Author: Maggie Robinson
Series: Book #4 in the Courtesan Court series
Release Date: 27 March 2012
Number of pages: 352 pages
Publisher: Kensington Brava
Source: ebook provided by author for review
Purchasing Info: Goodreads, Author's Website, Amazon, Kindle store, Book Depository UK, Book Depository US
Grade: 4 stars
Goodreads appetizer: Andrew Rossiter has used his gorgeous body and angelic face for all they’re worth—shocking the proper, seducing the willing, and pleasuring the wealthy. But with a young son depending on him for rescue, suddenly discretion is far more important than desire. He’ll have to quench his desires—fast. And he’ll have to find somewhere his scandalous reputation hasn’t yet reached…
Miss Gemma Peartree seems like a plain, virginal governess—or so she hopes. No matter how many sparks fly between them, she has too much to hide to catch Andrew’s eye. But with a stormy Scottish winter driving them together, it will be hard to keep her secrets. Especially when Andrew feels he has found the woman who can restore his soul—one kiss at a time…
My Thoughts: Discovering and falling in love with Maggie Robinson's Courtesan Court series was love at first read when I got Mistress by Mistake the 1st book in the series as a Kindle freebie. Master of Sin is the 4th and final book in the series, and besides the normal excitement of reading a new instalment of this beloved series I was even more curious to read Master of Sin because Maggie Robinson decided to make its hero a previous almost villain, and I was intrigued to see how she could redeem that character and even make him sympathetic and lovable to the readers. I shouldn't have doubted because she pulled it off and even more!
"You did what you thought you had to do. What that man trained you to do. But that’s not who you are, Andrew."
"You don’t know me."
"I know you love your son, more than most men do. No father I ever knew changed his son’s nappies or sang him bawdy songs to sleep. I’ve heard you." Andrew flushed.
"They're the only songs I know, I’m afraid."
Gemma is a wonderful heroine. She is so different from the usually polished and well mannered historical romance heroines, her unaffected behaviour and fresh honesty made me chuckle quite a lot:
"Does bloody anyone in this bloody place speak any bloody English?" the girl muttered.
Gemma is neither a beauty (we are reminded of this quite often) nor does she have any special accomplishments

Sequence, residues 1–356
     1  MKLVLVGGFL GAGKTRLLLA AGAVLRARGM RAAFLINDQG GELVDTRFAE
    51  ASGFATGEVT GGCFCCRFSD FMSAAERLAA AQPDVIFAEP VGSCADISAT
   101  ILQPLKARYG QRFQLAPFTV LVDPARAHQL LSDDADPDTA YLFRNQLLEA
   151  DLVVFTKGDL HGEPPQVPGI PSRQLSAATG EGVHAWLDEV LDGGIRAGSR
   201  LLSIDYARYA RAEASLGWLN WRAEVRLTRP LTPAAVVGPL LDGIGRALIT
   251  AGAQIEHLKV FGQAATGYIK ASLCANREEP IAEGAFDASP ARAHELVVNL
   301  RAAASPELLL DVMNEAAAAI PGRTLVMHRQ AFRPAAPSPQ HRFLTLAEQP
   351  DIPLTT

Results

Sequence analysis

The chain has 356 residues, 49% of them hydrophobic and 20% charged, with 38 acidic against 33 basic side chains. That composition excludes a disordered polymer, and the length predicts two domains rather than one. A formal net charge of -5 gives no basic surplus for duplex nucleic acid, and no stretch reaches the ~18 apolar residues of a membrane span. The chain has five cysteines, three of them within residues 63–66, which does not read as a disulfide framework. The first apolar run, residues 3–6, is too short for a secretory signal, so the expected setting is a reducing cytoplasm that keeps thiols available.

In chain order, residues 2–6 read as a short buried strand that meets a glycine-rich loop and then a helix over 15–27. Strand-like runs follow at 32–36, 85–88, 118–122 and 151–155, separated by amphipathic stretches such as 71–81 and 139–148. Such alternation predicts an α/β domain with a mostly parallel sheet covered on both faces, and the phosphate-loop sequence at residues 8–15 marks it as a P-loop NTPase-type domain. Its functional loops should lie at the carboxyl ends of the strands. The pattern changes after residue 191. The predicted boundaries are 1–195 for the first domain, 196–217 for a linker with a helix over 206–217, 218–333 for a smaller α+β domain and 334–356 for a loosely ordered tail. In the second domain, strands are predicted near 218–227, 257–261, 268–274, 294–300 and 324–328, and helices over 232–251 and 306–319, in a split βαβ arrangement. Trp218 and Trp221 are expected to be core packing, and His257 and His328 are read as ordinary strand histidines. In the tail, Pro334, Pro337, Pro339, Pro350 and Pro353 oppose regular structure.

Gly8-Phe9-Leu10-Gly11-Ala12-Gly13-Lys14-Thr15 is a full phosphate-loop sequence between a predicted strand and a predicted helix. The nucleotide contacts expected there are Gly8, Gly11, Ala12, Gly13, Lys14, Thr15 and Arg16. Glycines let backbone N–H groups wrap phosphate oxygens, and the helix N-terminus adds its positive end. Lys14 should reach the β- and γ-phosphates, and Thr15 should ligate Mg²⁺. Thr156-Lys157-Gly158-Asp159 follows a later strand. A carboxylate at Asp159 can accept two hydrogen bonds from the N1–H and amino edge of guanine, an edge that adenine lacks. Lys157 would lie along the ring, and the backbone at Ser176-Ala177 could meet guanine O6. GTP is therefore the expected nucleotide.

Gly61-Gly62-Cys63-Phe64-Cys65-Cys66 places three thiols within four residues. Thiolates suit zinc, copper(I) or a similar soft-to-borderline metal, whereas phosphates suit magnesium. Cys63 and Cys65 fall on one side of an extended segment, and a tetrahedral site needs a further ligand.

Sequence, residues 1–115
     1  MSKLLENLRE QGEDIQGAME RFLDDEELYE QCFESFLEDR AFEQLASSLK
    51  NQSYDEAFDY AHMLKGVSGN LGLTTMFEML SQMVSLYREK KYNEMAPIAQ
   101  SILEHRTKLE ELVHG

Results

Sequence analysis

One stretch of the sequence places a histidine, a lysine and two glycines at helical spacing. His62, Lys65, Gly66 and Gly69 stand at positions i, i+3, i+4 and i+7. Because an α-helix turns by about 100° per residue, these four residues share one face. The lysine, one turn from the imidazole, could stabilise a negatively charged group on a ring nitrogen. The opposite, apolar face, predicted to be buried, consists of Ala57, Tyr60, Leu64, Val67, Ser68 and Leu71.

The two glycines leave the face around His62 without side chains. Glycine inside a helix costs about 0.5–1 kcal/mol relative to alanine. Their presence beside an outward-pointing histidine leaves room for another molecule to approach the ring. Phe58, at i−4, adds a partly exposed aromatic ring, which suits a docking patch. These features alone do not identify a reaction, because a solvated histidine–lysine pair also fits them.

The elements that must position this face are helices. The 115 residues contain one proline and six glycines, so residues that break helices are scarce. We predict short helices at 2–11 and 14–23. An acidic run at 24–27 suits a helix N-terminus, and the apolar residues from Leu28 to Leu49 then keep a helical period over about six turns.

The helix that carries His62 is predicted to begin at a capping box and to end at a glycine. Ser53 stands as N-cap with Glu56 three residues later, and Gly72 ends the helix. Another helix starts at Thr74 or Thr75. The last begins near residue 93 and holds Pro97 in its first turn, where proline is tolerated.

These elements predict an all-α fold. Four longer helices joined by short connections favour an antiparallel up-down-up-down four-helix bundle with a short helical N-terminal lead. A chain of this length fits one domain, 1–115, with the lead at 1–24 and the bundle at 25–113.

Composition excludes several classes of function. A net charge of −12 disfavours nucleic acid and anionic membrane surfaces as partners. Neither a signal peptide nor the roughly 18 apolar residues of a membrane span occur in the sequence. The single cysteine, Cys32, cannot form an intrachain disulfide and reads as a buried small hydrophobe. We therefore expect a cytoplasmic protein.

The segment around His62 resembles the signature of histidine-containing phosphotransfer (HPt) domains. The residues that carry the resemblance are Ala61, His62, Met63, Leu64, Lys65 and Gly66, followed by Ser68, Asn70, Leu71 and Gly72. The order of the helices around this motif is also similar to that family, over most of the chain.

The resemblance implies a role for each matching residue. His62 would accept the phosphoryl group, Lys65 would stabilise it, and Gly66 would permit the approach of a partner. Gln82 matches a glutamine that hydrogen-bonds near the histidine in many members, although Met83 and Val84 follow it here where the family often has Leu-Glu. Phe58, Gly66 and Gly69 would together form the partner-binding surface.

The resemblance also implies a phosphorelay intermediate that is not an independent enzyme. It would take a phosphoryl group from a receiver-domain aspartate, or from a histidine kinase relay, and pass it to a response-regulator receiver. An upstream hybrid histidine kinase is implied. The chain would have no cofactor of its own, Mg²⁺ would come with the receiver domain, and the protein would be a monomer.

She had neither pulchritude nor fortune, great beauty nor great intellect. What she had was determination, a stubborn pride, and a past of her own.
but through a better understanding of her character Andrew grows to find her beautiful, the most appealing woman he ever met. I found Gemma's temper her most endearing trait. She was really like an angry kitten with her claws out, never shy or afraid to get into an argument and fight Andrew tooth and nail, she was quite the belligerent petite woman, independent and headstrong.
He smiled, completely smitten, helpless to resist her even if she looked like she wanted to skewer him with a hatpin.
Marc chose that moment to call for her. “We can talk about this later tonight,” Andrew suggested, not realizing he’d been saved from a scathing set-down. No man was going to let her do anything. She didn’t need Andrew’s permission to make decisions. She would do what she wanted, and right now the temptation to shove him into the fireplace was strong.
With Andrew's past and the torments of his soul and conscience Maggie Robinson had to delay the usual blistering tone of her novels a bit, but fear not: though the loving between Gemma and Andrew is tender and sweet at first, the heat is constantly there, the sexual tension between these two and especially as Andrew wants to do the honourable thing and not seduce Gemma will make your skin heat.
He closed his eyes. "What I feel for you is a bit more complicated than 'like.' You argue over the least little thing. You always must have the last word. But you’re a wonder with Marc. And an excellent dancer." He paused. "You taste like heaven."
What endeared Master of Sin to me was the light humour Maggie Robinson infused in the story, giving it some lightness besides Andrew's torment:
"You are [...] little, yes." His eyes raked her, and she felt the familiar frisson. "You would make a fine climbing boy."
"I'll keep that in mind if I need to seek other employment. You have not threatened to sack me yet today, but it’s still morning."
He ran a hand through disheveled golden curls. "There's no good way to say this. Gemma, will you marry me?"
Verdict: Master of Sin is so much more than an erotic historical romance novel. Its emotional depth and the exploration of Andrew's healing touched my heart and made me feel sorry for this man who had such a sad life until he got himself a family. If you are not afraid of a bit of emotional baggage and a seriously tortured hero you shouldn't miss out on Master of Sin, it is a wonderful story and a worthy ending to this great series.
Cover: 6/10 (somehow the cover model for Andrew looks like as if he was not an actual living man but a wax figure. And he looks much too sinister and dangerous as to how Andrew is described. I could picture Simon Baker as Andrew)